Soon a pumpkin patch was added to compliment the maze and the rest of the farm. “We’ve always had a pumpkin patch. The problem is pumpkins can be really hard to grow if you don’t rotate them, so we don’t do that real well. Our first year we had more than we could sell, but after that we really were going through them. Now we’re going through 15-20,000 pumpkins a year, and we can’t grow that many, so we just buy them,” Loren added.

It was only a few years ago that the Liebschers added a sunflower patch to the mix, taking up a few more acres covered by the pivot. “The first year they were fun and pretty, but we didn’t have a lot of visitors. This year has been different, and I think our daughter is probably the reason for that success. She has a marketing degree and it’s been unbelievable,” Kim said. “Oklahoma Tourism did a post about a ‘mystical sunflower patch.’ Now people are here all the time while they’re blooming to take photos.”

The sunflower patch is just a few acres, but the Liebschers feel it’s the perfect size. “We have found that the smaller the patch, the better people take care of it,” he said. “Plus, sunflowers are tricky. They either make it or they don’t, but this has been a very good year for them.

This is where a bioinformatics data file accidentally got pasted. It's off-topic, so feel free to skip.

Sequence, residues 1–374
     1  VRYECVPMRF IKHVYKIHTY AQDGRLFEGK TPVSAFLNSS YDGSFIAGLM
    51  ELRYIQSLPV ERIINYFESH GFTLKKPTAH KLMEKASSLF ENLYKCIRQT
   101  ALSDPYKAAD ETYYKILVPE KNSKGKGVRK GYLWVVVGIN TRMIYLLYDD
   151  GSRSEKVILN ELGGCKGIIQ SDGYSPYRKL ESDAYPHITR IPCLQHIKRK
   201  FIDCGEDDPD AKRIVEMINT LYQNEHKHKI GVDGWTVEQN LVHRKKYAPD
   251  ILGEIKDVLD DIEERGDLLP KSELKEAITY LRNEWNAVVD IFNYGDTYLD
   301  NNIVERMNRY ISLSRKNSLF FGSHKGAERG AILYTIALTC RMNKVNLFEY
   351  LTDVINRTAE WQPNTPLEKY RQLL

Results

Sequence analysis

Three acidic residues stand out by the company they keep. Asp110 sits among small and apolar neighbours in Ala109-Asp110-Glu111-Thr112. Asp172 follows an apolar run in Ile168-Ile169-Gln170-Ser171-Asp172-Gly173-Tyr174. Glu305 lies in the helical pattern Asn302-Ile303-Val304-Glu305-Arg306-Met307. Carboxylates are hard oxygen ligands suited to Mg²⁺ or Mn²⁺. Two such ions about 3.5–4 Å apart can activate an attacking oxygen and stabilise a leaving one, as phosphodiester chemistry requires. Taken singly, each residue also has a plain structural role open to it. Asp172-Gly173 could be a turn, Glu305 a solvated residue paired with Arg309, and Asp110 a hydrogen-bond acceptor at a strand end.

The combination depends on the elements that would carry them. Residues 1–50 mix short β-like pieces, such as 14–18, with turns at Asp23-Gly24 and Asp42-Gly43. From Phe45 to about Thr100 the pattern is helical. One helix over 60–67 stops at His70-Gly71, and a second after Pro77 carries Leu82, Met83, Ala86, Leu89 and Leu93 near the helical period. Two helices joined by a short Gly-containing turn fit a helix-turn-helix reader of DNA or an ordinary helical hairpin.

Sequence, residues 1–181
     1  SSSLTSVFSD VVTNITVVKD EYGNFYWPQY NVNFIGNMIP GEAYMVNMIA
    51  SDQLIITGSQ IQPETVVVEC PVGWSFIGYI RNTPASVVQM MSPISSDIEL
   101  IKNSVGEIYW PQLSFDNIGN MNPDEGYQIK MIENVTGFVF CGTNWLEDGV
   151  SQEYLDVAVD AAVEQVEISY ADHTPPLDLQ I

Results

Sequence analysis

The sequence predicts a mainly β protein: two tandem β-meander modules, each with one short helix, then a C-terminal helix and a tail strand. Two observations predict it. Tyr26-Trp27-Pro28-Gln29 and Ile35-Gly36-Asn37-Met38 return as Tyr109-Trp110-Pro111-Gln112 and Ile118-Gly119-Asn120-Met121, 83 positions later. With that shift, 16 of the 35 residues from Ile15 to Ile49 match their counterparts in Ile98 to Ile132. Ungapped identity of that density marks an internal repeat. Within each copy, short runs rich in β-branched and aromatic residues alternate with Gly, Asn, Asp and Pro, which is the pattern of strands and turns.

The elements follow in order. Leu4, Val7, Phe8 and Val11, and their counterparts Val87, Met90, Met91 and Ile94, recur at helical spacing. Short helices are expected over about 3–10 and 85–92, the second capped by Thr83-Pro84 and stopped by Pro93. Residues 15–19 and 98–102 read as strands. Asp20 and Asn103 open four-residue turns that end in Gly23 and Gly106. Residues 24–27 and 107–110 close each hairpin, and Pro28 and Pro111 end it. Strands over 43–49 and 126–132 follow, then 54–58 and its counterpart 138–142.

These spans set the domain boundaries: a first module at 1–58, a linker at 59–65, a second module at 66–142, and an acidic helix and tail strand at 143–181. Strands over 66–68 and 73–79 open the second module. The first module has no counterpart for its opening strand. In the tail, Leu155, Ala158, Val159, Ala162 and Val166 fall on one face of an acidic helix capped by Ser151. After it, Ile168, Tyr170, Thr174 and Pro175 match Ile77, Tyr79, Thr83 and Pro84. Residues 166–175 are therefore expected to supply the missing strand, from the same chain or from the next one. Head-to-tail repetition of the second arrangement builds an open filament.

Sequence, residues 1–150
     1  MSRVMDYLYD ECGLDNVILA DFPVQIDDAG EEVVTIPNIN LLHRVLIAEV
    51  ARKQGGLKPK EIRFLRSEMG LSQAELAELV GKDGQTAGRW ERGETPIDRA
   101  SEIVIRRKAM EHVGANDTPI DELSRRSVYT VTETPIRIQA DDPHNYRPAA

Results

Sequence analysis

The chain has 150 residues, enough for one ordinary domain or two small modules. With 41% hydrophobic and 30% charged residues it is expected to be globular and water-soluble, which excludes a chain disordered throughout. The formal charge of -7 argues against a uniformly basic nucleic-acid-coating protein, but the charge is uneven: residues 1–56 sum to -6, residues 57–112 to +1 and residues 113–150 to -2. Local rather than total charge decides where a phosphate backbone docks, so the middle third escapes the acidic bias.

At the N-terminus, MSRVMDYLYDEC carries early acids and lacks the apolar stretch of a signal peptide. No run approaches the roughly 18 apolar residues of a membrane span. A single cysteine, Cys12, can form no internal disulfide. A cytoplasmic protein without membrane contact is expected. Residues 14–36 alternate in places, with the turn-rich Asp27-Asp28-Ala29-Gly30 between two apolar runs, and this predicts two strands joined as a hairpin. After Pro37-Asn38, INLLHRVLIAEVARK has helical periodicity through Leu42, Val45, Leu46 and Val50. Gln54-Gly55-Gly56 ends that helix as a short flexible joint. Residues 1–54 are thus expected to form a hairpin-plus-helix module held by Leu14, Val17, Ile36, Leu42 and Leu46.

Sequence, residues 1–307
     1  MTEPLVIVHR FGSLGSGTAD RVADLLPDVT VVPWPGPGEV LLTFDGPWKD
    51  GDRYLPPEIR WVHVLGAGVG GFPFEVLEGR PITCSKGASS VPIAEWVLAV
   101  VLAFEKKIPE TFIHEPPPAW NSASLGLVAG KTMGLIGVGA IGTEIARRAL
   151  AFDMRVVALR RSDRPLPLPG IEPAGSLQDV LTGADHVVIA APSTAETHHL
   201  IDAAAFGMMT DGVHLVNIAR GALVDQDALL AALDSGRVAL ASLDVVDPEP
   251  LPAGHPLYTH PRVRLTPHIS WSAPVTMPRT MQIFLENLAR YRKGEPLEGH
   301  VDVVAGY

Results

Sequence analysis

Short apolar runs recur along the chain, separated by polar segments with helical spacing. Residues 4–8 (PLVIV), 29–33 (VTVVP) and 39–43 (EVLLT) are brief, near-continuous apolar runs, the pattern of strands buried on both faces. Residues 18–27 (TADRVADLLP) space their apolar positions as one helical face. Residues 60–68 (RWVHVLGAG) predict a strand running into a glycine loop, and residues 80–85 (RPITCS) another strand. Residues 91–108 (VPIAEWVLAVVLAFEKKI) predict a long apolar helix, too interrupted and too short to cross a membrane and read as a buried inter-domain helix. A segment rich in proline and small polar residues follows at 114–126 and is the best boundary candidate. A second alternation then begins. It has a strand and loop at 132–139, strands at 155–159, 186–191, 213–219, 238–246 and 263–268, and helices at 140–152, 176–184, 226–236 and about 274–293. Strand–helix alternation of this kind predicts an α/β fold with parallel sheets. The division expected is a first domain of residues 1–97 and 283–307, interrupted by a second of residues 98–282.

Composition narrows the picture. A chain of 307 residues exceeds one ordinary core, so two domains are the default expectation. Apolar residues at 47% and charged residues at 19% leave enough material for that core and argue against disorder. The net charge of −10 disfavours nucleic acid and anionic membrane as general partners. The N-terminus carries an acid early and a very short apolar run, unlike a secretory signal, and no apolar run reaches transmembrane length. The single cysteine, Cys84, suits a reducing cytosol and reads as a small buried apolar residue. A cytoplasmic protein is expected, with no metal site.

Read more in the October issue of Oklahoma Farm & Ranch.

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The Oklahoma Conservation Historical Society’s Oral History Collection



Listen not only to hear, but also to see and to act.

Listen to the words of the pioneers of Conservation and envision what they have seen and what they hoped for, and then practice it today and tomorrow on Oklahoma’s farms and ranches and within its growing urban areas.

That’s getting down to the subsoil or rather the essence of the Oklahoma Conservation Heritage Oral History Collection.

Just over two years ago the Oklahoma Conservation Historical Society announced the launch of this priceless conservation collection of passion, knowledge and effort.

The Oklahoma Conservation Historical Society partnered with the Oklahoma State University Library to record and archive interviews with individuals who have made contributions to conservation in Oklahoma. Audio, video, and transcripts of the interviews are posted digitally in the new Conservation Heritage Section of the OSU Library’s oral history collections. Interviews are available to researchers and the general public.